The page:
Re: FrameMaker Required (Was: Re: Interleaf and Sun work stations)

Subject: Re: FrameMaker Required (Was: Re: Interleaf and Sun work stations)
From: Tim Altom <taltom -at- IQUEST -dot- NET>
Date: Wed, 13 Mar 1996 16:55:00 EST

At 09:24 AM 3/13/96 EST, you wrote:
>Robert Plamondon <robert -at- plamondon -dot- com> laments poor hiring criteria:
>>The thing that brought Bad Tech Pubs Departments(TM) to mind (and
>>caused me to digress from my central digression) was an experience a
>>friend of mine had -- she is a highly talented writer, with tons of valuable
>>experience. Few potential employers seemed aware of this. Instead, the
>>central question seemed to be, "Do you have experience with FrameMaker?"
>>
>>There were clearly two pieces of simultaneous brain-failure going
>>on in these people's minds:
>>
>>1. The most important skill a technical writer has is desktop
>> publishing. Experience in technical writing is more or less
>> irrelevant.
>>
>>2. Some fundamental barrier exists that makes it impractical to
>> train experienced technical writers in the DTP package du jour.

<Stuff snipped>

>We can keep reminding our managers at hiring time that the tools aren't hard
>to learn, and that skills learned in one DTP package can usually be
>transferred to another. This won't solve the problem, but may make it less
>severe.


True enough, if you're postulating that somebody will just come in and sit
down to an already-created template and just has to point-and-shoot. But
FrameMaker essentially isn't DTP, it's a tool with a paradigm for doing long
docs. Using it as an upstairs version of PageMaker strips it of most of its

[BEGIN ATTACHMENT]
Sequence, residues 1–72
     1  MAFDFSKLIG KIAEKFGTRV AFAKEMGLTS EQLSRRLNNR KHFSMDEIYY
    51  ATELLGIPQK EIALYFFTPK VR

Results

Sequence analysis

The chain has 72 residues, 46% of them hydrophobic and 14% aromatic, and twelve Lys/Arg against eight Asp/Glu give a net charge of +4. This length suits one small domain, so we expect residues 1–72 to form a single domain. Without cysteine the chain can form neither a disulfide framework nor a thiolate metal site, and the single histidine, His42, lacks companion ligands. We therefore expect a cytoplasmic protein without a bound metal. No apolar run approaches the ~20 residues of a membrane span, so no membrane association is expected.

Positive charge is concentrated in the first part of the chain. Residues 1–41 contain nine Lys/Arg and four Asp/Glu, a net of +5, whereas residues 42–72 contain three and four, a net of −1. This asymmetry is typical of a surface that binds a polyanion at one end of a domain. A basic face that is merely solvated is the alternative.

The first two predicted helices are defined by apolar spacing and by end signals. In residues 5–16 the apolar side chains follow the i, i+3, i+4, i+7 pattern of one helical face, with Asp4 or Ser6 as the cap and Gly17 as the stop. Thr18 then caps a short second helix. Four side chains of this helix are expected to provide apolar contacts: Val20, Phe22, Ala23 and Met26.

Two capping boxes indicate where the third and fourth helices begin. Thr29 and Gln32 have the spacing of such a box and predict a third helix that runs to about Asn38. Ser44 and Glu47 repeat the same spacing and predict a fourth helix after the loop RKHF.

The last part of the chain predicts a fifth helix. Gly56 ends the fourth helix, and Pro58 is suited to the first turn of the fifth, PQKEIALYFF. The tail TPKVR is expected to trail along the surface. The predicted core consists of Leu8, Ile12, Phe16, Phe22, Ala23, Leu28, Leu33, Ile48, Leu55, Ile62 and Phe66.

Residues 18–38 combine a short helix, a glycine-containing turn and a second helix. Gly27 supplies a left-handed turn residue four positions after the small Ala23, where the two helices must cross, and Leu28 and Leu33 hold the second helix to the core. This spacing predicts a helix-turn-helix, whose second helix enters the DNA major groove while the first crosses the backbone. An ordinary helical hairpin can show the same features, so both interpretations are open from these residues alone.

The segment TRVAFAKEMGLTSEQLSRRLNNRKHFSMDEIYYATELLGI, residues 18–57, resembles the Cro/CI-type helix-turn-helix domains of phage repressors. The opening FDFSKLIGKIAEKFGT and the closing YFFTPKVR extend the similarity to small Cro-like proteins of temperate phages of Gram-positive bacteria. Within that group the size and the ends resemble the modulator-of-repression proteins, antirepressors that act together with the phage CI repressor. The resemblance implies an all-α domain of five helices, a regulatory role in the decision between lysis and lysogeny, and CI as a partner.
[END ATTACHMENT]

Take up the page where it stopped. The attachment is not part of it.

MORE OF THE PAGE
innate capabilities. A solo writer/layout artist who can't design templates
in FrameMaker is running a 777 without knowing what those funny little
lights mean that keep coming on and going off. The key to FrameMaker's
immense power is in its templates, which most people don't bother to learn
because they see the package as the "DTP software du jour." We do a lot of
FrameMaker work. It ain't DTP anything. I know people who use it like that
and grouse that it's complicated. True enough. But most high-level
professional stuff IS complicated. FrameMaker can automate reams of
functions and make work at least fifty percent more efficient, and to a
savvy manager that capability could be extremely valuable. It's perhaps not
that the manager devalues writing skills, but recognizes that to be a pilot
in the big bird, rather than just a kibitzing passenger, you have to have
flown the big bird.

Tim Altom
Vice President
Simply Written, Inc.
317.899.5882 (voice)
317.899.5987 (fax)
http://www.iquest.net/simply/simplywritten


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